Death can awaken us to the ways we, as individuals and as a culture, create meaning. The health humanities gives practitioners a context in which to locate or rediscover meaning and deepens our capacity to approach end-of-life issues with dying persons and their families with alertness and sensitivity to individual and cultural dynamics. It offers clinicians opportunities for reckoning with guilt and feelings of failure that can accompany the unpreventable losses and for honoring and grieving the dead. Reckoning with historical and current racial and caste inequities in life expectancy can move clinicians to work for change.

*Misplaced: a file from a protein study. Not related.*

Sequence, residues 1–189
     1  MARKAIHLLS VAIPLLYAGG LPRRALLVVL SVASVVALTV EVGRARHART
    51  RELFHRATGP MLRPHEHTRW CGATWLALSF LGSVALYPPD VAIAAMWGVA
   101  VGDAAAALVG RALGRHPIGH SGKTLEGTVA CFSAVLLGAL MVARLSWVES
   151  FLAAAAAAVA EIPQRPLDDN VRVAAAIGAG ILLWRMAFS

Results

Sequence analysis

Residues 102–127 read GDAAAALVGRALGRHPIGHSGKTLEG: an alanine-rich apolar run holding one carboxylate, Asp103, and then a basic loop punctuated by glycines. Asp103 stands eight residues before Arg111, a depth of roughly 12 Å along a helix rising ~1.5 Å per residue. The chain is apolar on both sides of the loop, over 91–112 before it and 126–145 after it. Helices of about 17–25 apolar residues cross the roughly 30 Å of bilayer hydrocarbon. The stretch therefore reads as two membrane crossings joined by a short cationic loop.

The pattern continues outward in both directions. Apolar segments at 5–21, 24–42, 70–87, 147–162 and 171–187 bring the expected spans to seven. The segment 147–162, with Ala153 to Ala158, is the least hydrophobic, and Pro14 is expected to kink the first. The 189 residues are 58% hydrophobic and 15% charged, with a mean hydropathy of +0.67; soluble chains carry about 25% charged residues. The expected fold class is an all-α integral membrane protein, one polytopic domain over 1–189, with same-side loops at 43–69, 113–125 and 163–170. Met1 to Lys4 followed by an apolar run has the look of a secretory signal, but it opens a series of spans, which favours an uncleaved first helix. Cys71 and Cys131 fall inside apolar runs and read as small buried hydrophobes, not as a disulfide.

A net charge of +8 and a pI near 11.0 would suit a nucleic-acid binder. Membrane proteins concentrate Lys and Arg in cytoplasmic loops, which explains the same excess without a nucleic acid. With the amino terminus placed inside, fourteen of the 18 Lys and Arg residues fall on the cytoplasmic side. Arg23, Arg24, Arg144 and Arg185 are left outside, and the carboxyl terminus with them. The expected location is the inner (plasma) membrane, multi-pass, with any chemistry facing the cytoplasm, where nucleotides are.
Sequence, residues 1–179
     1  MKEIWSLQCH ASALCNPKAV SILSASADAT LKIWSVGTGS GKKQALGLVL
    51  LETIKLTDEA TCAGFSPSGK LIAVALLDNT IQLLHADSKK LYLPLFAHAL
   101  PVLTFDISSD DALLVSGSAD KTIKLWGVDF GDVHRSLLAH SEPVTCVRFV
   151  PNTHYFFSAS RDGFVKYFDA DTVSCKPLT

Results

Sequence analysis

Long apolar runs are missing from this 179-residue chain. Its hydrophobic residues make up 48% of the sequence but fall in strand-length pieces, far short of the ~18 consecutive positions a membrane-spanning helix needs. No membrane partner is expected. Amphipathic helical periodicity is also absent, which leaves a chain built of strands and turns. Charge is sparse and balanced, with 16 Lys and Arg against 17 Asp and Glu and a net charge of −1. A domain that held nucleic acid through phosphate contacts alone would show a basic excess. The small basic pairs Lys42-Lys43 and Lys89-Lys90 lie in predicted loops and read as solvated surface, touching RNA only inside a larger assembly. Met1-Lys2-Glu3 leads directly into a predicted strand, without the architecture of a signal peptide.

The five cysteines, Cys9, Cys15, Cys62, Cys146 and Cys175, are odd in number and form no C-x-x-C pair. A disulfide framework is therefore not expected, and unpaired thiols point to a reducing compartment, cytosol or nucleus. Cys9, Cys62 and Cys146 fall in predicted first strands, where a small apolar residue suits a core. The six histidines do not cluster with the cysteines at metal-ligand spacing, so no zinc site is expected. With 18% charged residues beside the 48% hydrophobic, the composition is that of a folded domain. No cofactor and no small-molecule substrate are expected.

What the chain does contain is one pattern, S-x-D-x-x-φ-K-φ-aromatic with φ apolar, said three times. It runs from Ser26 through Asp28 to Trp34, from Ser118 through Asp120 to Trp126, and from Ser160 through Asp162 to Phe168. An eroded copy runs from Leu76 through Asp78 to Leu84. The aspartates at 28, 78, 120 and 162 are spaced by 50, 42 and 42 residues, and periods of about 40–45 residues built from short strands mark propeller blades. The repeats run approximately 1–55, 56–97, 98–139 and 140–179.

This essay may be found on page 51 of the printed volume.

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